Proceedings cpn meeting_2012-03-20


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We would like to take this opportunity to share the proceedings form first meeting on Structured Light Plethysmography held at Trinity College on March 20th. To those who attended, thank you for you time and enthusiastic inputs. It was a great mix of clinical thought leaders from the UK and Europe and I felt that we all gained a lot of additional insight by the participants. We hope that the detailed explanations of the new SLP technology and review of existing clinical work was educational and has driven your desire to be a part of the future collaborative work. For those on copy that could not attend, we hope that you will review the attached overview and notes from the meeting and that you will join us for the 2nd meeting in 6 months. Our goal is to grow the clinical group and identify new areas where SLP can aid you in your clinical practices.

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Proceedings cpn meeting_2012-03-20

  1. 1. Structured Light Plethysmography ClinicalPartners Network Meeting 201220 March 2012Trinity CollegeCambridge UniversityCambridgeUnited KingdomA PneumaCare Limited Sponsored Meeting
  2. 2. SLP meeting 20 March 2012, Trinity College, Cambridge Trinity College Cambridge Wolfson Seminar Room 20 March 201210:00 Coffee and registration10:30 Welcome – Dr Richard Iles / Dr Ward Hills10:40 Introduction to Structured Light Plethysmography – Dr Richard Iles11:00 Current research – Ms Jenny Conlon / Dr Irisz Levai To include: Correlations with conventional measurements of lung function and regional analysis11:30 Higher methodology and statistical processing – Dr Joan Lasenby11:50 Future directions – Dr Richard Iles12:00 Open discussion and questions12:30 Tour of Trinity College13:00 Lunch14:00 Demonstration of PneumaScan™ P2 – Dr Simon Baker / Ms Jenny Conlon14:30 Workshop: Developing realistic research with SLP – an opportunity to discuss research ideas with the PneumaCare team (Facilitators: Dr Richard Iles, Ms Jenny Conlon, Dr Simon Baker, Dr Stuart Bennett, Dr Joan Lasenby)15:00 Refreshments15:30 Feedback from the Workshop16:30 Developing funding strategies – Dr Simon Crick17:00 Close – Dr Joan Lasenby / Dr Ward Hills19:30 Dinner at Browns 2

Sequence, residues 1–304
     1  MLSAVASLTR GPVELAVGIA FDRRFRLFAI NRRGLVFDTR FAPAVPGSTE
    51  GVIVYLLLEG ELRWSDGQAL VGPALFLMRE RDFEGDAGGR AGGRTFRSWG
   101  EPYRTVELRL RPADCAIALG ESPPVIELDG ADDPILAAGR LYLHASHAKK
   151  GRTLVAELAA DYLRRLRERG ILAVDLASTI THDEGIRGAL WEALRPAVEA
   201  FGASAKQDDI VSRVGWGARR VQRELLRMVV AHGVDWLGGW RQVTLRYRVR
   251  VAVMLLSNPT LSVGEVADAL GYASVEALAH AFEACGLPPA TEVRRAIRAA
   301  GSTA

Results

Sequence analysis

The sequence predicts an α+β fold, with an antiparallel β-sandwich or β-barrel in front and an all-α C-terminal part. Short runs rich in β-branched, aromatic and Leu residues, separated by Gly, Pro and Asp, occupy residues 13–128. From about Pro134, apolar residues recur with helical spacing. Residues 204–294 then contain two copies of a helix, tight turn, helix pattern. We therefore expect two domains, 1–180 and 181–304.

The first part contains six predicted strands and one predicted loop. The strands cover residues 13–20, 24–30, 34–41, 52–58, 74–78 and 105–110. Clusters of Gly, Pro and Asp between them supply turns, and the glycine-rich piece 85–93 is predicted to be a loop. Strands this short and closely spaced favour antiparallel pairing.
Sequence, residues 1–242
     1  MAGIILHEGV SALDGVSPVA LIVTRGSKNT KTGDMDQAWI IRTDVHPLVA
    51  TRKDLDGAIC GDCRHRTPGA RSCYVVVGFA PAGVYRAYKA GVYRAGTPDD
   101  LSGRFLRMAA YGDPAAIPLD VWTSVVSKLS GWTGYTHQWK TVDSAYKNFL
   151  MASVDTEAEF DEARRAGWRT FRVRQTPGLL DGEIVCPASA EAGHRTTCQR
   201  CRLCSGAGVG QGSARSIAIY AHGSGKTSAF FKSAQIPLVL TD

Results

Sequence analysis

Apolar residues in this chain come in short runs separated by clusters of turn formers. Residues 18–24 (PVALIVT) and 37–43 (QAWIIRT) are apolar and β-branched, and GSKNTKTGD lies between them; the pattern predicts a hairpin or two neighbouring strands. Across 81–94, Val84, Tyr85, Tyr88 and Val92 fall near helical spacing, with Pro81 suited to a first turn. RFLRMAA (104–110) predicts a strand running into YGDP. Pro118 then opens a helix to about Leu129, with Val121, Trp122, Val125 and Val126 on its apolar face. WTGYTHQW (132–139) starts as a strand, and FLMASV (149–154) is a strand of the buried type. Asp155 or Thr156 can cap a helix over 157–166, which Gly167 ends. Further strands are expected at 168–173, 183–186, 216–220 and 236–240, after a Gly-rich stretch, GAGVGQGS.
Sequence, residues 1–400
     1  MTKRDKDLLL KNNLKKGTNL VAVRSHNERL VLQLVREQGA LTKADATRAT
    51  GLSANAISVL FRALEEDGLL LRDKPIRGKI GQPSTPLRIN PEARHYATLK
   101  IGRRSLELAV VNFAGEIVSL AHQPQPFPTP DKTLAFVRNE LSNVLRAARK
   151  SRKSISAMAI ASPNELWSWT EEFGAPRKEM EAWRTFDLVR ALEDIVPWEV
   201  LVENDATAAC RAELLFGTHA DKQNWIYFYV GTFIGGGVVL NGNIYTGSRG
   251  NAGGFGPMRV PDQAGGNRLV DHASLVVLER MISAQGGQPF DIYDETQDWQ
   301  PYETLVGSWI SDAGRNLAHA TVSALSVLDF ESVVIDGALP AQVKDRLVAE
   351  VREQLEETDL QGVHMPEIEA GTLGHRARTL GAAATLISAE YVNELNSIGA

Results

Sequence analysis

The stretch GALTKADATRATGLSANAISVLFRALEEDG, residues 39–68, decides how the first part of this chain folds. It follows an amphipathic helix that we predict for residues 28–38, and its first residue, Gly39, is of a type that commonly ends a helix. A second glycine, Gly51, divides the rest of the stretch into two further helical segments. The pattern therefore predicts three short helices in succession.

3. 3. SLP meeting 20 March 2012, Trinity College, CambridgeIntroductionDr Richard Iles, in collaboration with Dr Joan Lasenby, hosted the first annual Structured LightPlethysmography (SLP) Clinical Partners Network (CPN) Meeting at Trinity College, CambridgeUniversity, on 20 March 2012. The purpose of the meeting was to provide a forum for discussion ofrecent developments and potential future explorations of SLP technology.SLP is a novel completely non-contact and non-invasive lung function assessment and imagingtechnology. The technology was pioneered by Drs Iles and Lasenby, and commercialised byPneumaCare Limited. SLP works by observing a grid of light projected onto the anterior chest wall ofa patient, and interprets this movement during breathing as respiratory volume. The 3D motionallows standard spirometric lung function parameters to be calculated in addition to providing novelinformation on chest wall movement. Such information could have many interesting applications fordiagnostic medicine.The meeting brought together key opinion leaders from Cambridge, Glasgow, Aberdeen, Belfast,Birmingham and Paris. Interest in SLP technology and in this meeting was also received from Oxford,Berne in Switzerland, France, and Great Ormond Street Hospital in London.The day was divided into presentations on current clinical research in the morning, and a wide-ranging discussion in the afternoon that included participants from around the UK and France, andalso members of the National Institute of Health Research, an NHS organisation with a mandate tofacilitate research funding within the NHS.The morning presentationsPresentations of clinical data gathered in the past nine months at Addenbrooke’s and PapworthHospitals, Cambridge, were given. These were followed by a talk from Dr Joan Lasenby who outlinedsome of the mathematical analysis techniques that have been applied to SLP data. Then Dr RichardIles speculated on the future clinical applications of SLP and opened up a general discussion aboutthe potential clinical utility of SLP. This led into a demonstration of the instrument by PneumaCare’sProduct Director, Dr Simon Baker, and Head of Software, Willem H de Boer.Dr Richard Iles, Addenbrooke’s HospitalDr Richard Iles presented a history of spirometry and lung function tests, followed by an explanationof the need for 21st century technology, such as SLP, to augment 40-year-old spirometry technology.Richard overviewed current technologies and their limitations, including spirometry andoptoelectronic plethysmography. It was his frustration with the limitations in current clinicalcapability that led to the development of SLP in this regard, in cooperation with Joan Lasenby andher group in the Engineering Department of Cambridge University in 2009. Joan’s team took a skillset developed in computer graphics and gaming, and applied it to the clinical requirements of lungfunction imaging.Richard then gave an overview of early work done with prototype SLP devices in both theEngineering Department and later in Addenbrooke’s Hospital. He highlighted the unique aspects ofSLP data, primarily the fact that being an imaging technique, SLP is able to analyse a patient’s 3